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 PLACES TO VISIT
Magusa
Lefkoşa
Girne
Güzelyurt
İskele
 

 MAGUSA

 Enkomi (Alasia)

The antique city of Enkomi, also known as Alasia, situated close to the present day Enkomi (Tuzla) village, dates back to the 2000s B. C.. The excavations have revealed that the city was under the influence of Egypt first, and Mycenae later, and that it was surrounded with walls, and the dead were buried under the floors of the houses with their death presents. It is observed that the grate plan was applied to the city and that writing was first used here.

The bronze "Horned God Statue" which seems to be under strong Hittite influnce, and considered to be a cult statue was found in this district. A lot of things made of bronze and residues of copper indicating the existence of copper workshops have also been uncovered. Enkomi used to be a harbour town. The region was abandoned never to be used again, when the Pedios River (Kanlidere) flowing by the city filled the harbour with alluvion, the earthquakes affected the place negatively and the Akas started posing a continuous threat after the 12th century.

 Lala Mustafa Pasa Mosque

The building which was constructed between the years 1298-1312 in the Lusignan period is one of the most beautiful Gothic structures of the Meditteranean region. The Lusignan kings would be inaugurated as the King of Cyprus at the St. Sophia Cathedral in Nicosia first, and following this they would be crowned as the King of Jerusalem at the St. Nicholas Cathedral in Famagusta. These ceremonies continued to be held until 1571 when the cathedral was turned into a mosque by the Ottoman Turks. The architecture of the western front of the building has been influenced by the architecture of the Reims Cathedral. It has an unparalleled window with Gothic style tracery. The 16th century Venetian gallery in the courtyard is today used as a reservoir for ablutions.

A Venetian insignia can be seen above the circular windows at the entrance. The relief ornamented with animal figures is thought to have been brought from a temple in Salamis. The apsis of the cathedral is in the Eastern style and is composed of three parts as in most Cyprus churches. The windows in the top part have been well preserved. There are two chapels at the side. The cumbez tree in front -a tropical fig tree- is a rare tree in the north of the island.

 Latin St. George Church

Constructed in the late 13th century, the church is one of the beautiful examples of the Gothic style of architecture. Material from the Salamis ruins was used in its construction. It is thought to have been modelled on the St. Chapelle church in Paris. It has a nave with five sections and a chancel. What has survived throughout the years is this chancel and the northern wall. The wide, tall windows once had Gothic traceries. That the church had been constructed before the city-walls is evident from the rampart like structure of the building.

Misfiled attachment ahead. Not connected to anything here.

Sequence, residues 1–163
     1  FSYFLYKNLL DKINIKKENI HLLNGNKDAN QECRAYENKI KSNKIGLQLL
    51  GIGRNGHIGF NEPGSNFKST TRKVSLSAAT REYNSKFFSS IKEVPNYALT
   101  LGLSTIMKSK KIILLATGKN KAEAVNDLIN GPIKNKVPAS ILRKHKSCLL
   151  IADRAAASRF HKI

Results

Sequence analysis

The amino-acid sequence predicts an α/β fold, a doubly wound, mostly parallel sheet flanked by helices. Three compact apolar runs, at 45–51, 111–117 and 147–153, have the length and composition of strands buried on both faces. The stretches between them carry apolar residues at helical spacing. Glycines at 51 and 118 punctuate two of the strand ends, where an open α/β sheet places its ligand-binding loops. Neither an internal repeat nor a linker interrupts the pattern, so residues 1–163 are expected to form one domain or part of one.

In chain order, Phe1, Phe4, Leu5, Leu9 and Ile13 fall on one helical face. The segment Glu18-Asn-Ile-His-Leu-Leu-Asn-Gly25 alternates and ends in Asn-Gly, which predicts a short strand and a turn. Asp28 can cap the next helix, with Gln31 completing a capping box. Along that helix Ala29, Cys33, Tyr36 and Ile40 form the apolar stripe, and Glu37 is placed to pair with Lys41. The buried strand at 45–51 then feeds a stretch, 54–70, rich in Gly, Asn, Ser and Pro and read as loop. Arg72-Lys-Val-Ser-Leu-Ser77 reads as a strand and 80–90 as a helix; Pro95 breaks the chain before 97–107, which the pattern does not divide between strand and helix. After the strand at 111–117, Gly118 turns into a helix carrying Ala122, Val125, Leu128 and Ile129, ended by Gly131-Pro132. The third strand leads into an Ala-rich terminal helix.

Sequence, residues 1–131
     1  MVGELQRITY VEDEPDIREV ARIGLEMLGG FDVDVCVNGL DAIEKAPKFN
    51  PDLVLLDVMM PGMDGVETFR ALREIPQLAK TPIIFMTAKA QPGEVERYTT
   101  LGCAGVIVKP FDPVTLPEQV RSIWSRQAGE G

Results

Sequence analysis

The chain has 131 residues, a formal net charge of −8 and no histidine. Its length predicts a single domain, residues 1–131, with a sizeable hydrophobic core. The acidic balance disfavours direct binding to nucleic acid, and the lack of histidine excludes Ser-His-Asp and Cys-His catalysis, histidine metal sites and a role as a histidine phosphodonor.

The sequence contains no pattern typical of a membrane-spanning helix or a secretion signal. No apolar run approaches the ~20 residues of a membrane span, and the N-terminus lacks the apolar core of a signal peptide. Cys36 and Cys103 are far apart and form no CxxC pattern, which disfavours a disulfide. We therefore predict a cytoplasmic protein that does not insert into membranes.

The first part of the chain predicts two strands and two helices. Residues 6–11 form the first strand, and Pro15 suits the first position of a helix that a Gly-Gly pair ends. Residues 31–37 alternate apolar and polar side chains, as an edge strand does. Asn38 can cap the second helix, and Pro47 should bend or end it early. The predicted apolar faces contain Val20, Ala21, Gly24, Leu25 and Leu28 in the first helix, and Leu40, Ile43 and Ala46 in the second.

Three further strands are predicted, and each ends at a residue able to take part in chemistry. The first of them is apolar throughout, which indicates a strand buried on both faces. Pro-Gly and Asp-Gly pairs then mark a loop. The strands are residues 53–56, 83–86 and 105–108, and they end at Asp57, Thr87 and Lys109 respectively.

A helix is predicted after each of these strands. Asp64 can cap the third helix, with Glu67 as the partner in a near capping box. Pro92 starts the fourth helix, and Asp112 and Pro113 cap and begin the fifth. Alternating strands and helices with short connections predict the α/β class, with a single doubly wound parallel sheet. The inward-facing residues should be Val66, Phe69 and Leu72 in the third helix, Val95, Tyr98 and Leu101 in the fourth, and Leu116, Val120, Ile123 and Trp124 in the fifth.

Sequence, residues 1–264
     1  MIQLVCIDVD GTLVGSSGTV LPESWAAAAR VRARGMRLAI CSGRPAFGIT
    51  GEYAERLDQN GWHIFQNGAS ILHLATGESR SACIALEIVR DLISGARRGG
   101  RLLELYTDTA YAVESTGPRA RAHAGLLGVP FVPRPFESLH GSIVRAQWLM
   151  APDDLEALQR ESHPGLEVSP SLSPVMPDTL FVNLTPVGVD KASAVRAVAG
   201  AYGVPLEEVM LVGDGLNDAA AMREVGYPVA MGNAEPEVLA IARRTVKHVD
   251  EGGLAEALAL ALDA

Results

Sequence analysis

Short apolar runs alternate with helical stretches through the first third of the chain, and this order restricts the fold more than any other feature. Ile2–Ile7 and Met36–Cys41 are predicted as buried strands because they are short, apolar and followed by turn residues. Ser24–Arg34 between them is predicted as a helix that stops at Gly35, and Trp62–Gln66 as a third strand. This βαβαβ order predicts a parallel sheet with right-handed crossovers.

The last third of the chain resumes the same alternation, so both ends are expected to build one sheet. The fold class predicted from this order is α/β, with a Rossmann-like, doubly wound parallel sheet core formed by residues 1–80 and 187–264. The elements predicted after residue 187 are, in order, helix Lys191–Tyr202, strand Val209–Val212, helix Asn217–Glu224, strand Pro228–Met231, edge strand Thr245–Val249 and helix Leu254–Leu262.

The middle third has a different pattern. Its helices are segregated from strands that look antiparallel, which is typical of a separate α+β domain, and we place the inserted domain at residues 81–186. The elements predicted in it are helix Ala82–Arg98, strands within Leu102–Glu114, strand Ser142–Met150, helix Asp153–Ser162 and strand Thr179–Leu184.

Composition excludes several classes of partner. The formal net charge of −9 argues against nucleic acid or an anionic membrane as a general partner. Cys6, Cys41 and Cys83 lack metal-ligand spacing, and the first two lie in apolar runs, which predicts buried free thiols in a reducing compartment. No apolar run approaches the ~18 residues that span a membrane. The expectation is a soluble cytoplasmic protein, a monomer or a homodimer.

Nitovikla Castle
The castle the remains of which are on a hill close to the sea is thought to have been constructed for the purpose of defending the region against raids from the sea in the Middle Bronze Age. The war beetween Hittite and Egypt in this period had affected Cyprus as well. The architecture of the castle resembles the styles of those constructed by the Hittites in Anatolia. It is four sided and the entrance and the walls have been fortified with towers. Big ashlars have been used in its construction. It has a courtyard in the middle.

  Othello's Tower

This citadel was built in the 12nd century during the Lusignan period, to protect the harbour.The Sea Gate on, in this side, along with the Land Gate were the two major entrances of walled Famagusta. The citadel was originally surrounded with a moat. In 1492 Venetians transformed it into an artillery stronghold making alterations similar to those at Kyrenia castle. The marble panel above the entrance shows the winged lion of Venice, and includes the name of Nicolo Foscarini who remodelled the tower. It is thought that when Leonardo da Vinci visited Cyprus in 1481 he advised the Venetians on the design of the defences of Famagusta. The tower of citadel consists of towers and corridors leading to artillery chambers. On one side its large courtyard is the refectory and above it apartment, both dating back to the Lusignan period. The present day name of the tower came into use during the British colonial period. In his famous tragedy, where the setting is a" seaport in Cyprus" Shakespeare makes Othello a Moor. He must have heard of the Venetian governor of the island, Christophoro Moor whose surname means "moor". In the courtyard of the citadel there are some Ottoman and Spanish cannons and their iron balls. The stone balls were for catapults. The surviving walls and bastions of Famagusta are from the Venetian period. On the land side the city was protected by the squat Martinengo Bastion. This was named after the Venetian commander Count Heracles Martinengo. In the Ravelin, which protected the Land Gate, in addition to artillery chambers a chapel is encountered. The large round tower, which was originally a Venetian arsenal on the sea side is named after Dyamboulat, the Turkish commander by whose bravery the Bastion was captured.